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Reneging on food aid

A MORE STARK example of skewed priorities would be hard to find: the Bush administration has admitted that budget pressures are forcing cuts in overseas food aid programs for the poor. Meanwhile, the richest 1 percent of Americans -- those earning more than $337,000 a year -- are reaping tens of billions of dollars in tax cuts.

On Wednesday The New York Times reported that the United States is curtailing all but emergency food aid and cannot honor funding commitments it had already made to non-governmental charities. Those affected include Save the Children and Catholic Relief Services, which run programs in farming self-sufficiency from Indonesia to Nicaragua.

The cuts already taken appear to be in the $100 million range -- a huge amount to people in underdeveloped countries, where many earn less than $1 a day, but dwarfed by America's budget deficit, which was $412 billion in the fiscal year that ended Sept 30.

President Bush has pledged to halve the deficit in five years. To accomplish this, discretionary spending will need to be drastically cut, since Bush will not entertain freezing or slowing the tax cuts adopted in his first term, much less raising taxes. But it is hard to believe Americans meant the trade-off for tax relief to be increasing numbers of malnourished children.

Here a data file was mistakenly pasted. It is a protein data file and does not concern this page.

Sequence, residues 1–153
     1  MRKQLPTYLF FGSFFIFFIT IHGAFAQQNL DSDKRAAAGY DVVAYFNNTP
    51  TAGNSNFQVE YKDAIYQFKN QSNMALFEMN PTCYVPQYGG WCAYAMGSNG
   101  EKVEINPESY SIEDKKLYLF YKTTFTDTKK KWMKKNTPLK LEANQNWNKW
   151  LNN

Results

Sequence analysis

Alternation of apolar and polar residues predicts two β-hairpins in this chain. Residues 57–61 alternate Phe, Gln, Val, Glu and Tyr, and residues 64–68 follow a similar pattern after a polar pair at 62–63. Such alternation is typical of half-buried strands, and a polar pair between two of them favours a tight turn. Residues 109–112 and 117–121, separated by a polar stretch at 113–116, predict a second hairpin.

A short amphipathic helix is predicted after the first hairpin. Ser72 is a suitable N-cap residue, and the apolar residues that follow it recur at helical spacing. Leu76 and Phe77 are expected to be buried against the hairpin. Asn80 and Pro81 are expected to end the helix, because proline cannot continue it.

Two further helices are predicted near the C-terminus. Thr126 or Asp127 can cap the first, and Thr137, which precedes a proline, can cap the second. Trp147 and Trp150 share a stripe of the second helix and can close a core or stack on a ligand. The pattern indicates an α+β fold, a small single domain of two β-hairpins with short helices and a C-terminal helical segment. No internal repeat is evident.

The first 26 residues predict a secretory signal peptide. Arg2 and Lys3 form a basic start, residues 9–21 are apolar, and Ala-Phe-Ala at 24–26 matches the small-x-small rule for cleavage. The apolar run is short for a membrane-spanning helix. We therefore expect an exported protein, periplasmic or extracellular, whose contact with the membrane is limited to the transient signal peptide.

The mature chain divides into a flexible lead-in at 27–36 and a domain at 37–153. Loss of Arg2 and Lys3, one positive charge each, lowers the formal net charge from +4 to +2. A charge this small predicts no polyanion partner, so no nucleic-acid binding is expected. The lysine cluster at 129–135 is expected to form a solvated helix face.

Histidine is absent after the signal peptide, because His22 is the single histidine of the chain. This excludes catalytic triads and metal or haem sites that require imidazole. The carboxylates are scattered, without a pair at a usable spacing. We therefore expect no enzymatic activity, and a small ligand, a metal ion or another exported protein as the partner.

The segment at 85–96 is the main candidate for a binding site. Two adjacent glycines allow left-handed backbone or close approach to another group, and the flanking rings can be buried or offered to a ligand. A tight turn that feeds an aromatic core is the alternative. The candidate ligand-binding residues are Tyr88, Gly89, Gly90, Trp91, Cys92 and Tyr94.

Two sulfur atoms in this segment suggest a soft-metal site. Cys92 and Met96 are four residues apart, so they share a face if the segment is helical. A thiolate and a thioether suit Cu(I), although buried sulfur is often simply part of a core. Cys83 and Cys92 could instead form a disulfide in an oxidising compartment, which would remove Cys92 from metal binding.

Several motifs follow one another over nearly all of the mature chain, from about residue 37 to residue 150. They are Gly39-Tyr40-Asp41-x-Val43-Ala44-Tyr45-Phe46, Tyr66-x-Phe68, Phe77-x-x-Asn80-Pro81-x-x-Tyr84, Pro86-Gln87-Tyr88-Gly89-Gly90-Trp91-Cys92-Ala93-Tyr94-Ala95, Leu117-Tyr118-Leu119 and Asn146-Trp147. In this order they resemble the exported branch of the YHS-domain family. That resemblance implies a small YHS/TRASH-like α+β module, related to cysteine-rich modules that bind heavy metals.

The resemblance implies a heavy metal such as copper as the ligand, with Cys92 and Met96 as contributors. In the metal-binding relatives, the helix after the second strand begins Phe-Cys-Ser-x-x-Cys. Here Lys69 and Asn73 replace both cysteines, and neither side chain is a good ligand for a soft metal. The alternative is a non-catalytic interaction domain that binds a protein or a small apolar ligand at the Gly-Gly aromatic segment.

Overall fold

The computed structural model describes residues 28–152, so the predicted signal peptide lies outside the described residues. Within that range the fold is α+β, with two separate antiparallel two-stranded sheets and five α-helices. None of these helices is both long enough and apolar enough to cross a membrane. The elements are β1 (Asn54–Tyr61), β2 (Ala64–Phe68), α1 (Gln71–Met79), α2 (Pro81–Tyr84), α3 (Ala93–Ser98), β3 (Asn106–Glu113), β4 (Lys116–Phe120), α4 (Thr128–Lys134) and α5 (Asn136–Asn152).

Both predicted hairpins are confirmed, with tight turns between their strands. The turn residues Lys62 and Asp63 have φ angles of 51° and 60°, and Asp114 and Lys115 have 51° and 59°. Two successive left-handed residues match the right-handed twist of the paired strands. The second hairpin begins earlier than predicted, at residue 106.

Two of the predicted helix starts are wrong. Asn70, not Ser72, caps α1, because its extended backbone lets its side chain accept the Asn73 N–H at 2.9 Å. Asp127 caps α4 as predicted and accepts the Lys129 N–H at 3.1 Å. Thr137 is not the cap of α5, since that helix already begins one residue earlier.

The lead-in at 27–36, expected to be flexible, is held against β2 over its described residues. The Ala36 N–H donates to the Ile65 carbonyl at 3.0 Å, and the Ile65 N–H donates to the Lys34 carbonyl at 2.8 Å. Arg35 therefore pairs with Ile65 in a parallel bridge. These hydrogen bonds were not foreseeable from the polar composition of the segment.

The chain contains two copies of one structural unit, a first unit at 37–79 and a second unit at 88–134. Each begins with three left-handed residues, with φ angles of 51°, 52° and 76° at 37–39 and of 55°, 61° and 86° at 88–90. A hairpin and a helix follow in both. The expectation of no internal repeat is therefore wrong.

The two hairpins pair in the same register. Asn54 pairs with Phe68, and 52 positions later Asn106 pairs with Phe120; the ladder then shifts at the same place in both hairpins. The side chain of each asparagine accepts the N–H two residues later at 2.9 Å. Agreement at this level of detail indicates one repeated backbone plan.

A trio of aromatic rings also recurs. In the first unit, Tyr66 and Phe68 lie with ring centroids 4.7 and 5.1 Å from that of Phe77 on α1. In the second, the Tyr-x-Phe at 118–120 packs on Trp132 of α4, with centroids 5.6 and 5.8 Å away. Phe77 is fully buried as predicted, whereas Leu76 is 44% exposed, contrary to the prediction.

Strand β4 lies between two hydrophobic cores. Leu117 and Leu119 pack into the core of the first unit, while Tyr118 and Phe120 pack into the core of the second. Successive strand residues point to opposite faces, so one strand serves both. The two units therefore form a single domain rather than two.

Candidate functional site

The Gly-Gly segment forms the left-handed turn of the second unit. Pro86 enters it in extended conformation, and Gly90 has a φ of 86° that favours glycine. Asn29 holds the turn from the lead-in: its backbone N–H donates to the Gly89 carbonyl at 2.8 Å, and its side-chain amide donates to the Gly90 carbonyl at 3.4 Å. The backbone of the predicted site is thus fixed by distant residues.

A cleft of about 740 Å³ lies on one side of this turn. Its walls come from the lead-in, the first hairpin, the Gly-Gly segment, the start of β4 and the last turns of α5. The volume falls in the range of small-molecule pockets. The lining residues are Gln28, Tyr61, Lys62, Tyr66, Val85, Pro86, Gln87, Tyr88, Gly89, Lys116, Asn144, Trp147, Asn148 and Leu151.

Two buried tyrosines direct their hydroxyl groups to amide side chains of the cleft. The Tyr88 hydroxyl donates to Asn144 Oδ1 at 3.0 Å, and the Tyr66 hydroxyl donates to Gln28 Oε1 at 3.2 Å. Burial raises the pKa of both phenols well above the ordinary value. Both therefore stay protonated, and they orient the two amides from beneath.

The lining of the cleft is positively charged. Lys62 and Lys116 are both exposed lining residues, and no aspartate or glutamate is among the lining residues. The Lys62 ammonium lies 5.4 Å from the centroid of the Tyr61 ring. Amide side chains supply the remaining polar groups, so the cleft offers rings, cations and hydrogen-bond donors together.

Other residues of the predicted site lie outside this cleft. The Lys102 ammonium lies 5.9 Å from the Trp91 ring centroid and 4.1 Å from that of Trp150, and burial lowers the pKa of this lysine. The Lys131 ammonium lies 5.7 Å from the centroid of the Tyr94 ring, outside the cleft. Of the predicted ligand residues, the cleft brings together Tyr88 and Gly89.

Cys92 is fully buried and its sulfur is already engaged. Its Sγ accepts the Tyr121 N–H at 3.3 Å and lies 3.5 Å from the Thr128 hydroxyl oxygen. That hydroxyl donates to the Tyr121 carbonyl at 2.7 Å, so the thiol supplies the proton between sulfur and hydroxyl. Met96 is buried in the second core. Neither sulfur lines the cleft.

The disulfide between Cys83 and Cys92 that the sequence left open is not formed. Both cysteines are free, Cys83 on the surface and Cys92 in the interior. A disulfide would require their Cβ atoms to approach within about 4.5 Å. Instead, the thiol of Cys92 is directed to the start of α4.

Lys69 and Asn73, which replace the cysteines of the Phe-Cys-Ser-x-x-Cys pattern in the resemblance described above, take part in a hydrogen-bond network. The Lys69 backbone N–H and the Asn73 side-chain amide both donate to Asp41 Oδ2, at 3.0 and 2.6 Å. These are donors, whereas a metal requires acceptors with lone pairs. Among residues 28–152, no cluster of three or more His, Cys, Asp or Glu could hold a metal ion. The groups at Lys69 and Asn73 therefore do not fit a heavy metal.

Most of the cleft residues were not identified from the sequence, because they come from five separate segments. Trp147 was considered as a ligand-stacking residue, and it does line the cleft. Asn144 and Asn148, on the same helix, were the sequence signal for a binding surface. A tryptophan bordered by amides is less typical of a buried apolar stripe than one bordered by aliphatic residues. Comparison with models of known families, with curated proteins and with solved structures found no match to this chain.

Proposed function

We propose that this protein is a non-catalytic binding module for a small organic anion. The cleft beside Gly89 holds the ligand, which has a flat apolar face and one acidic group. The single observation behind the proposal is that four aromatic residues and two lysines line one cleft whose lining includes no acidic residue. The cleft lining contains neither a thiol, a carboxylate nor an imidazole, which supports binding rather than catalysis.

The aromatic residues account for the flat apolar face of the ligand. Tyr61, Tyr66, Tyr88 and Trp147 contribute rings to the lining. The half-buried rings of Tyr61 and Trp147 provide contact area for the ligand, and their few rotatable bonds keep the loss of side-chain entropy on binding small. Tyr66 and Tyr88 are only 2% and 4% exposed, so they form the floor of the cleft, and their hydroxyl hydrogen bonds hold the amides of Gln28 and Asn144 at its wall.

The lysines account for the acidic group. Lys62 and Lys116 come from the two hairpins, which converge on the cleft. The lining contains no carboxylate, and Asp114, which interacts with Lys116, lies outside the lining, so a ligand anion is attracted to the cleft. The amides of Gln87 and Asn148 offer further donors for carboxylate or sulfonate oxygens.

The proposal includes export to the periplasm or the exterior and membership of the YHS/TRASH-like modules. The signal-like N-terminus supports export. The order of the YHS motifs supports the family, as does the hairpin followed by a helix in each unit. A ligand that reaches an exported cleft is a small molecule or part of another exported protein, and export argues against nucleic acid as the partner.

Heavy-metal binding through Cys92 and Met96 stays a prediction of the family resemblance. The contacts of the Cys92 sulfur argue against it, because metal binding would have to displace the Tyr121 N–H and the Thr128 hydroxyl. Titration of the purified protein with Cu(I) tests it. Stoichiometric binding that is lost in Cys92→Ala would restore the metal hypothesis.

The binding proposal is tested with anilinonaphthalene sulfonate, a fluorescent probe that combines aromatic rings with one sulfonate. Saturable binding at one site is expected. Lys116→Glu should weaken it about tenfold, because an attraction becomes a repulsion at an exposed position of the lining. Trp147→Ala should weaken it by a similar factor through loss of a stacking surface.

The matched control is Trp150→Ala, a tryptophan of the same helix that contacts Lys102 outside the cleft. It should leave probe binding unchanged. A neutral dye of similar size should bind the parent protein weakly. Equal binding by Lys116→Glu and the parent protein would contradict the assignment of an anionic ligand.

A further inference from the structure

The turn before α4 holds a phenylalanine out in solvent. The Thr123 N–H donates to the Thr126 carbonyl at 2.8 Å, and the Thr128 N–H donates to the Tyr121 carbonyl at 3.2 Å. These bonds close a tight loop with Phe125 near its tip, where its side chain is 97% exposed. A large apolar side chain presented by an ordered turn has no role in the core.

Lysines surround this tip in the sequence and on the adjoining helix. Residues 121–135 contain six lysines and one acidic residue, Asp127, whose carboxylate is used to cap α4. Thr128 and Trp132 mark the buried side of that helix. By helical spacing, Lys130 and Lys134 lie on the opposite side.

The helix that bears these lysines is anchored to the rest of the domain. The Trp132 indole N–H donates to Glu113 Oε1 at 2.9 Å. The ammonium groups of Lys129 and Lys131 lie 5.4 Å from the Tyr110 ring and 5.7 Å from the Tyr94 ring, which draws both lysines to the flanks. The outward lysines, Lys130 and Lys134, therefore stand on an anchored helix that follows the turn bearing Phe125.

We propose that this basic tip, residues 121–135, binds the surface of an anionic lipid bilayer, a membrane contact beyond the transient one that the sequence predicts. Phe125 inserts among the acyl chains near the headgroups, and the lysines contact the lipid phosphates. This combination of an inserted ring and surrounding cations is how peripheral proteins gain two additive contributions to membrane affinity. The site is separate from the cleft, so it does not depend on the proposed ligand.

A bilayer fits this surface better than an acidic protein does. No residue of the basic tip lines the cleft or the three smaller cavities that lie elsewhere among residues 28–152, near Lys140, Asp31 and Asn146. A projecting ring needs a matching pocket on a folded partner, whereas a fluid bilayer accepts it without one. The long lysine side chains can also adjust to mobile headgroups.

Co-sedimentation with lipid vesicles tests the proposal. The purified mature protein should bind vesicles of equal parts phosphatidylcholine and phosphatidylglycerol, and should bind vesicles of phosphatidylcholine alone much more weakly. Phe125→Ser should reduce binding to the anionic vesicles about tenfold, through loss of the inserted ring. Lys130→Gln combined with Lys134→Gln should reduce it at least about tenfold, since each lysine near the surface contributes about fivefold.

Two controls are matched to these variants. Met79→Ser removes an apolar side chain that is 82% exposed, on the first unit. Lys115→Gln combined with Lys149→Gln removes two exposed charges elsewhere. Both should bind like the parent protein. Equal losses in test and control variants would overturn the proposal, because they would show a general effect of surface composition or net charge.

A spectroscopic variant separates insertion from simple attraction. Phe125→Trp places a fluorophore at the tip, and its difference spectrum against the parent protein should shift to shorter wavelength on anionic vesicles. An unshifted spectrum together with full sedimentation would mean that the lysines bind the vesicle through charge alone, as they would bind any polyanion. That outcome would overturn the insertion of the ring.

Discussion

About a sixth of the population in the developing world -- 840 million people -- lacks sufficient nutrition, according to the US Agency for International Development. The United States is by far the largest provider of assistance to the world's hungry, but the need is growing. The funds are used not just to distribute food but to help projects that build community assets, such as wells and irrigation systems.

Bush political operatives try to pin the blame of deficits on government spending for welfare programs or the war in Iraq. While these do take up a large portion of federal spending, the Office of Management and Budget confirms that the Bush tax cuts equal 57 percent of all new spending since the administration took office in 2001, including spending on Iraq.

The dollars lost to the tax cuts are mind-numbing: $266 billion in 2004; $80 billion to the top 1 percent alone. Tax revenues have been cut repeatedly: on regular income, on dividends, on corporate profits, and on inheritances. Child-care credits and other measures have balanced out some of the benefits, but the vast majority of the reductions have accrued to the wealthy. Tax revenues now make up 16 percent of gross domestic product, the smallest portion since 1959.

Earlier this year, US AID celebrated the 50th anniversary of the Food for Peace program. In his remarks, Bush said of the millions suffering: "America has a special calling to come to their aid." The president has a strange way of answering that call. 

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